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Should I learn both Polish and German

12 Feb 2007 /  #1
if I am going to (possibly) be living in Poland for 1 to 2 years?

I am American. I don't know either language. I can read Latin (from 4 years of high school classes) and can read Spanish fairly well, (from 2 courses in college designed to help me translate poems and essays from Spanish to English), but have a lot of trouble speaking either one.

Foreign languages are NOT my forte and I am 40 years old. An old dog can't learn new tricks, right?!

Is there a language course or style, or instructional process, anyone recommends for either language? I would like to be somewhat conversational (not fluent, mind you, but easily understood by native speakers) prior to going. Our departure is not certain, but we possibly could be there by August 2007.

We will be in Krakow, but my husband will work in Skowina, mostly, and will travel back and forth to Germany.

I have heard it is rude to speak Russian there now, a moot point since I know only the alphabet in that language. I have heard English is widely understood and spoken in Krakow by most younger people, and German also.

But, I would like to be polite and learn the language. I do not want to learn lower class grammar forms or "servant speak".

My question is, should I try to learn both languages? Or concentrate only on Polish?
Zgubiony 15 | 1,553  
12 Feb 2007 /  #2
You should find a lot of basic learning fundamentals here in the grammar section that should get you rolling. Practice the alphabet and pronunciation to start. Good luck!
Huegel 1 | 296  
12 Feb 2007 /  #3
Obviously I don't know how widely spoken German is in Poland and as only a beginner in Polish myself, i'd suggest concentrating on one or the other. German, whilst a lot more difficult than English, is a lot easier than Polish.

However, as you say you'll be living in Poland, I think you should go for learning Polish, doing both would probably be distracting.

If you do decide German is the road you want to take Ich stehe gern zur Verf├╝gung. :)

Good luck whatever you decide to do.
Chris - | 13  
12 Feb 2007 /  #4
Mein deutsch ist nicht so gut :(

Erm... I can't really speak much German 'cause I was a fool in school - remember children, stick in at school! But sometimes I can sort of understand another workmate from Lithuania as he can speak a little German.

Sorry if this post is pointless but I thought it may help somehow. German is relatively easy having had a look online at Polish, I'm a tad reluctant and nervous but I think if I was to take it up then I'm sure it would come to me as I hear Polish conversations about 7 hours a day out of my 8 hour shift lol.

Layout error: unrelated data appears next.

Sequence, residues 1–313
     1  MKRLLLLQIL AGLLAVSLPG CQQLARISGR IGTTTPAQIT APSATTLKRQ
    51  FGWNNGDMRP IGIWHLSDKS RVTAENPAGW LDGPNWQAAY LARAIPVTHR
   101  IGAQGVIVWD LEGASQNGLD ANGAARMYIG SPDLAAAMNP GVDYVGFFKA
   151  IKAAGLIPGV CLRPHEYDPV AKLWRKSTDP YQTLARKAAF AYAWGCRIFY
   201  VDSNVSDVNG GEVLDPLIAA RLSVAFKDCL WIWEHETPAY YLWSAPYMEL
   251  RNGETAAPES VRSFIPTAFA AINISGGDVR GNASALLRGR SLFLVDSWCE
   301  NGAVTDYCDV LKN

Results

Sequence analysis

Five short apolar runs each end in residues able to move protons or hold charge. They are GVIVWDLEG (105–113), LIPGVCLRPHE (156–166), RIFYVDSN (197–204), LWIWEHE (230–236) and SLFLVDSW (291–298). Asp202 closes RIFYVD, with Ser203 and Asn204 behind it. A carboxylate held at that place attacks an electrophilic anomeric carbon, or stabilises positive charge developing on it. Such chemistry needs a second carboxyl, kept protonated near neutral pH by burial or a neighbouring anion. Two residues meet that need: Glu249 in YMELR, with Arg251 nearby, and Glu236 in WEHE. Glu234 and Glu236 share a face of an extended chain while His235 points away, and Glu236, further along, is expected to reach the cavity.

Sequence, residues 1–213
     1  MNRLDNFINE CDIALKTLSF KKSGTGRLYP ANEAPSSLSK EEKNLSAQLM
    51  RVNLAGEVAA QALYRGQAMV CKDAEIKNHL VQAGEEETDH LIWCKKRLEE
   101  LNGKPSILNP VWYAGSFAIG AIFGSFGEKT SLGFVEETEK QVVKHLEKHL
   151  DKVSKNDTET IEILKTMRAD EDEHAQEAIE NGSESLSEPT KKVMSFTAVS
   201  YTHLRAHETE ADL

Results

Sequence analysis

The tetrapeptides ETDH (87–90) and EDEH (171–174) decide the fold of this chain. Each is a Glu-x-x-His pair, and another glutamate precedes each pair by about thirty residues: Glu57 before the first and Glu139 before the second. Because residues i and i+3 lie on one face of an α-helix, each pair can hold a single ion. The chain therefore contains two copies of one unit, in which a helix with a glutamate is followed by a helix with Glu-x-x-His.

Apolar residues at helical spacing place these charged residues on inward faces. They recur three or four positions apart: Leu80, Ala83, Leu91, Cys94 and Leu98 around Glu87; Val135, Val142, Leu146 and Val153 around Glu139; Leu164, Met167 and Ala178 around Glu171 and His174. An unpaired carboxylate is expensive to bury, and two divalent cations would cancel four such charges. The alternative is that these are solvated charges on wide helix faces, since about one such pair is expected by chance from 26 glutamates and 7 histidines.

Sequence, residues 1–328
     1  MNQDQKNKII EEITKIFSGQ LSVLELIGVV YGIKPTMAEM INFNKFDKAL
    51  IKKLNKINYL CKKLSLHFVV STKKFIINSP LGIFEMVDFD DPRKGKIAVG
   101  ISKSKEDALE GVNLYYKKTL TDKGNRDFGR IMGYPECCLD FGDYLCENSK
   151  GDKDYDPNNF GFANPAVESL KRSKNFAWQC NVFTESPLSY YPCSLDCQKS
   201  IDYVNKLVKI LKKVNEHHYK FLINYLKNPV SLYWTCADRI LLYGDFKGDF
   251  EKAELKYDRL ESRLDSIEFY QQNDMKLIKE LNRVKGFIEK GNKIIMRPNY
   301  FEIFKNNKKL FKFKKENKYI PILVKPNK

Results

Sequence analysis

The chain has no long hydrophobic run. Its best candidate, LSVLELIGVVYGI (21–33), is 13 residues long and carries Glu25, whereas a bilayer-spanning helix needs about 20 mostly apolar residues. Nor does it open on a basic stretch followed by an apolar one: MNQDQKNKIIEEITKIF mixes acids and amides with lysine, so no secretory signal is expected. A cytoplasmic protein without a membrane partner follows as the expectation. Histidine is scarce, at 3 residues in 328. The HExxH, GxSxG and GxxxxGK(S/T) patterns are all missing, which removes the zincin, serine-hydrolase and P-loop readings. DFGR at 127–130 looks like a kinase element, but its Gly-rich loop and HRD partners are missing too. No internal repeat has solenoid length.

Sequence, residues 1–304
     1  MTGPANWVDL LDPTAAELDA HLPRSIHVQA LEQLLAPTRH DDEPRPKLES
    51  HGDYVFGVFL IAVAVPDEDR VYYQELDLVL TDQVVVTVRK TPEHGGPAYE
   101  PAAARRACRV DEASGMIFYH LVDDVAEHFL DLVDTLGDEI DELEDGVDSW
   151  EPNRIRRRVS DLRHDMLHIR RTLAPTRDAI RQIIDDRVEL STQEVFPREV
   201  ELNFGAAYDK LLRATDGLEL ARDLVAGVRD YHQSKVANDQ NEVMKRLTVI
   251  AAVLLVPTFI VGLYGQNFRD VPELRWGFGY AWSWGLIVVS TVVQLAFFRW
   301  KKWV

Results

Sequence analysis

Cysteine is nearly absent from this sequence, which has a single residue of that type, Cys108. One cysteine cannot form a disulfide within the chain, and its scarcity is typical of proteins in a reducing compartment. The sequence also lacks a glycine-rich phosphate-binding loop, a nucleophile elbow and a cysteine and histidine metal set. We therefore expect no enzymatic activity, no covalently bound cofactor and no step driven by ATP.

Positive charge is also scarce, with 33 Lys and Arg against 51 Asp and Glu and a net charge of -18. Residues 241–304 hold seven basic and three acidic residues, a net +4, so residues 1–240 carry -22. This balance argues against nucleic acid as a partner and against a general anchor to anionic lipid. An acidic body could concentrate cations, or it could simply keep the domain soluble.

Marek 4 | 867  
17 Feb 2007 /  #5
I recommend both.

As I've recently found in this forum, many Poles seem eager to "practice" their English skills, often at the expense at using their often far more precise native tongue (perhaps to the detriment of clearer understanding!)

German is much more phonetically transparent than English, certainly in terms of its orthography, grammatically/morphologically, that's another story though.

Polish is the language used in everyday life in Poland. Unlike in Germany, most Poles are not able to (or even willing) to try to switch to relatively fluent English when meeting monolingual foreign visitors.

Again, learning both will only make things easier for all concerned.
English may seem the "world" language, but this is more myth than reality in may experience.

Duzo powodzenia!/Viel Glueck!


Hi, Chris!

Don't let Polish scare you. It might seem more challenging than German in the beginning, but it's even more phonetically regular and much more so than English.

Spoken Polish can be difficult to follow for many foreigners I've encountered learning it in the US. Like Americans, Poles use a lot of slang, even more than Germans. Written Polish though is usually quite formal and the grammar does take practice. Similar to German however, it also has cases (in Polish "przypadki"), but has less complicated verb conjugations.

Huegel 1 | 296  
17 Feb 2007 /  #6
phonetically regular.

That'll be all the fibre then. :)

Hope you're right Marek, I'm sure it'll click one day but as it is, i'm still struggling to pronounce the number 3 properly in Polish where as in contrast, I was forming conditionals in German after the same amount of study time.
Polish_chick14 1 | 13  
17 Feb 2007 /  #7
I can tell you from a personal expirence that learning Polish is extremly difficult, yet I think you should focus on it, because it is more widly spoken in Poland
Marek 4 | 867  
19 Feb 2007 /  #8
I agree.

Poles DON'T enjoy either hearing or necessarily speaking German any longer, particularly the youth.

Are you a Polish native speaker? Your English seems quite good, surprisingly. Many Poles now try to speak English abroad (understandable), but the results are normally less than satisfying!

Germans tend to speak English with mistakes too, often aggregious ones, but frequently do so with such self confidence that the listener is often unaware of the error until a short time later.